How To Create Client Success Processes Inside Revenue Operations
*Data suggests that existing customers account for between a third to half of total revenue growth, even for start-ups. That makes customer success a key priority for businesses with growth ambitions. It’s also worth noting that growing revenue from an existing customer costs less than acquiring a new customer.
Back in 2018, McKinsey declared that we had entered a new era: customer success 2.0 as the new growth engine. For RevOps, customer success is not just a matter of successfully selling a product or service.
It requires a comprehensive approach to customer relationship management, with the goal of building longer-term relationships that add value to the customer by cultivating a customer-focused mindset across the business. That, in turn, drives business growth.
Identifying and addressing customer needs, then devising a process to add value, reduce churn and nurture brand loyalty demands time and expertise, but it is well worth the investment: a repeat customer offers greater revenue prospects than a one-time buyer - particularly if they subsequently bring in more clients via word of mouth.
Through this process, you can effectively turn your clients into your strongest, most passionate and most authentic brand advocates.
The first step towards creating a client success process inside RevOps is to define your client success goals. To do so, you’ll need to articulate the precise objectives of your client success programme.
Is it your aim to improve customer satisfaction levels for example? Are you keen to improve customer retention rates? Or are you looking to increase upselling opportunities?
Identifying specific goals provides a clear direction for the project, define priorities, and increase the odds of achieving a successful outcome.
Once your specific client success goals have been defined, this success (or lack thereof) will need to be measured. In order to do so, it is important to establish client success metrics, or key performance indicators (KPI).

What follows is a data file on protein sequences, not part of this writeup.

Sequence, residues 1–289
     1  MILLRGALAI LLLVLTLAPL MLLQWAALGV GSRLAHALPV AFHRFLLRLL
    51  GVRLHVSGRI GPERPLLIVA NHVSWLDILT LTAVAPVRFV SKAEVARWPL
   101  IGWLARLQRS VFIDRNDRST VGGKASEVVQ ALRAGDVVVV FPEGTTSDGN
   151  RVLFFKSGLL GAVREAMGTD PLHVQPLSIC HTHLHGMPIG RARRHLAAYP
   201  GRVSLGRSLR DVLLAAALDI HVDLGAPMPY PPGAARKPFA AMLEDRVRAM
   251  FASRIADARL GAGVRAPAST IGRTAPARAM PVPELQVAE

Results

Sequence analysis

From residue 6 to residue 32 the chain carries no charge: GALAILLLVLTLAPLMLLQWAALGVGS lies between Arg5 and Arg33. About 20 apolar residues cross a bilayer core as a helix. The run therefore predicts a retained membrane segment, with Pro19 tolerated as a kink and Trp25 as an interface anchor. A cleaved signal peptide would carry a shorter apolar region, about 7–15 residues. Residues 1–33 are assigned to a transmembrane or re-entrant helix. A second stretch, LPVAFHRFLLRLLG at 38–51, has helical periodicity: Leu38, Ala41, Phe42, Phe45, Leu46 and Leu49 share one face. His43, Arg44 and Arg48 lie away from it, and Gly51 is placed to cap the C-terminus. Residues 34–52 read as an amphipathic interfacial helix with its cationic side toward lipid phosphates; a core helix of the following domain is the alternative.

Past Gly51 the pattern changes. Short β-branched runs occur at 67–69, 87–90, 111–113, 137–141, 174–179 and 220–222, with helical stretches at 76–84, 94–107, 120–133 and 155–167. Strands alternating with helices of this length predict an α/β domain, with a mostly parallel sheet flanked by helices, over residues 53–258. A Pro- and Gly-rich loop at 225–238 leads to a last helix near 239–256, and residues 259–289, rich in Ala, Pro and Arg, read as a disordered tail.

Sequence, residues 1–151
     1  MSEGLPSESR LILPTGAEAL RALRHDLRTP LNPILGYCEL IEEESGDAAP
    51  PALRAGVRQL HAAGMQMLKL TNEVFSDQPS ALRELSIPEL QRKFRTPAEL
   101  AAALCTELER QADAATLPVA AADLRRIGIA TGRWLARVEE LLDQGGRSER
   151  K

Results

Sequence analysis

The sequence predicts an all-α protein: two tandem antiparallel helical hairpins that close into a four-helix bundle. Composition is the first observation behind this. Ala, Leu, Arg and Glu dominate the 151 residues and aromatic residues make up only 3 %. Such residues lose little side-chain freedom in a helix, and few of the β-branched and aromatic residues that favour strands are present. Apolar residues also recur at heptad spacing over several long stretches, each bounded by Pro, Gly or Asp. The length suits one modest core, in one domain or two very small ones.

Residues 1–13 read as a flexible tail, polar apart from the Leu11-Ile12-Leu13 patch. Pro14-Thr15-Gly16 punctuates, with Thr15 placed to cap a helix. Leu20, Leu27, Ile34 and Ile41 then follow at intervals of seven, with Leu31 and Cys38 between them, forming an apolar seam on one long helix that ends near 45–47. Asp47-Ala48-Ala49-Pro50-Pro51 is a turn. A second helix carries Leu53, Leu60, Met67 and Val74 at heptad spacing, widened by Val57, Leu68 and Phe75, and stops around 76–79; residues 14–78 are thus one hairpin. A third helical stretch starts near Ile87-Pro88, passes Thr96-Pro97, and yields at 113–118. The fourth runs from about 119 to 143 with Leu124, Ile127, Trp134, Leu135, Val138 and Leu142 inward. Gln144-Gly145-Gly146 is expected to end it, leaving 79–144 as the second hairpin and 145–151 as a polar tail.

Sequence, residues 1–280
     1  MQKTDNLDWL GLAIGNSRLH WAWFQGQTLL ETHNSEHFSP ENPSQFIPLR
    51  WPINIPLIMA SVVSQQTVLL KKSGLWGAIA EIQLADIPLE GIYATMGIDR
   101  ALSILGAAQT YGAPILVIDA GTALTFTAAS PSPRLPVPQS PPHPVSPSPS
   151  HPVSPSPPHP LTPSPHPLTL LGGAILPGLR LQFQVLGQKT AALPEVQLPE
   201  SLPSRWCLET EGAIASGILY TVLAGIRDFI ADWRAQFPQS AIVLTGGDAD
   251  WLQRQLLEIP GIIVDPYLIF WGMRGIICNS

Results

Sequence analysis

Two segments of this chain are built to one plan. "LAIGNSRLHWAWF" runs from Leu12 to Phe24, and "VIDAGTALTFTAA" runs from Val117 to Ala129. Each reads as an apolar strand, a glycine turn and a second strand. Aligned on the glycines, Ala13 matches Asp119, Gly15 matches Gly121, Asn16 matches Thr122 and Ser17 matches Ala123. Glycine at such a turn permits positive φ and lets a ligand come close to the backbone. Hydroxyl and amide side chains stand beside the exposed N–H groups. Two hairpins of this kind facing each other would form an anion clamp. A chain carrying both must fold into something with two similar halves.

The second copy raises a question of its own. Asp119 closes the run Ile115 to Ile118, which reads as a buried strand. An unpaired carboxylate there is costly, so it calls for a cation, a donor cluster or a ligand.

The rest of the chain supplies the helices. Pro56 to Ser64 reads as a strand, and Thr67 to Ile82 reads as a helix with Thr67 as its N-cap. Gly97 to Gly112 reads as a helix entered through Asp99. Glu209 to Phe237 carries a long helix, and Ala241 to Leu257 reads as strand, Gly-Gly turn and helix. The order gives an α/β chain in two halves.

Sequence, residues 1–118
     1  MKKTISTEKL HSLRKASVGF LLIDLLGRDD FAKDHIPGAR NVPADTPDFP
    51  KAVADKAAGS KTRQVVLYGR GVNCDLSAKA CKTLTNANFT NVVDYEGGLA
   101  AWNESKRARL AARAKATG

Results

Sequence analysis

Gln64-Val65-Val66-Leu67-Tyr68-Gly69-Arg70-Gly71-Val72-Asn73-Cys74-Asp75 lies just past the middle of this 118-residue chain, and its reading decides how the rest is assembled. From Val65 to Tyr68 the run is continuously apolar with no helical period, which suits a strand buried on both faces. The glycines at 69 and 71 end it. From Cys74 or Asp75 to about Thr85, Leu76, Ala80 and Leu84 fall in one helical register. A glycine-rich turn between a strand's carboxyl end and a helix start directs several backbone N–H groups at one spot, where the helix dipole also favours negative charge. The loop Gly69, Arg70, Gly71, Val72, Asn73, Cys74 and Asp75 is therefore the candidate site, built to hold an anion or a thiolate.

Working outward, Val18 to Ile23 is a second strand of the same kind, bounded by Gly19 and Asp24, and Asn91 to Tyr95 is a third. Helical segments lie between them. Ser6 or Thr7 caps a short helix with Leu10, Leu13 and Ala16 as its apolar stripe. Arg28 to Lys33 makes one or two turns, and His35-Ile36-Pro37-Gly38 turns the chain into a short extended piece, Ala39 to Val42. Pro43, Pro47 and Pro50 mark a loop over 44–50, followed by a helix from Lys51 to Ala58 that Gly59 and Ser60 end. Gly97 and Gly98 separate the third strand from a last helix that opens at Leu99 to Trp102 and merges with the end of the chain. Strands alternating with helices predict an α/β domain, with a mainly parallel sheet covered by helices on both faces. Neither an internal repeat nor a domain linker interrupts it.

For example, you may want to keep an eye on customer satisfaction scores during post-purchase surveys, or customer retention rates over certain timeframes.
With the goals clear in mind and the KPIs established to measure progress,
you can embark on the next stage: developing your client success process.
This means creating a set of procedures to identify and address customer needs, manage customer feedback, and provide effective customer support as required.
A common example is asking customers for their feedback in order to improve the service.
Of course, all your client success processes need to be integrated with your sales and marketing strategy: after all, the strategic integration of sales, marketing and service departments is at the heart of RevOps.
By integrating your client success processes with your revenue operations, you can ensure that your efforts are focused on driving revenue growth and enhancing customer satisfaction across all teams.
There is another important factor that can make or break your client success programme: the team implementing it.
Or rather, teams. Customer success can’t happen in silo. From sales to the marketing team to your customer service agents, each person must be focused on delivering an enhanced customer experience. Once missing link in the chain could compromise your entire strategy.
Finally, it is important to regularly monitor your client success programme, and optimise it as needed. This is where your KPIs, and the data their analysis provides, once again come into play.
By monitoring and optimising your client success programme, you can continuously improve your customer relationships - and drive revenue growth. So, in more practical terms, how is all the above achieved? Let’s find out.
The Inbound Service Framework
The inbound service framework is a customer-centric approach to providing service and support to customers, based on the principles of inbound marketing, which operates by attracting, engaging and delighting customers.
The Inbound Service Framework takes this approach up a notch, applying it not to marketing activities but to customer service.
The Inbound Service Framework is designed to create a seamless and positive experience for customers throughout their entire customer journey.
The first three stages of the Inbound Service Framework are the same as the Inbound Methodology Flywheel stages of inbound marketing. These are:
Attract customers to your business. This involves creating content that addresses customer needs and interests and optimising your website and social media channels for search engines.
By providing valuable information and resources, you can attract customers who are looking for solutions to their problems.
Engage with customers who have expressed an interest in your business. This involves providing personalised and relevant experiences, such as tailored email campaigns or chatbot interactions.
At no point should the client feel as though they are receiving the same standard responses and content as any other customer.
Personalisation of the entire experience is a vital part of building relationships with your customers. By engaging with customers in a meaningful way, you can create a positive experience, a prerequisite for building trust and loyalty.
Delight customers by providing exceptional service and support. This means being proactive in addressing customer needs and concerns, and providing quick and effective solutions to their problems.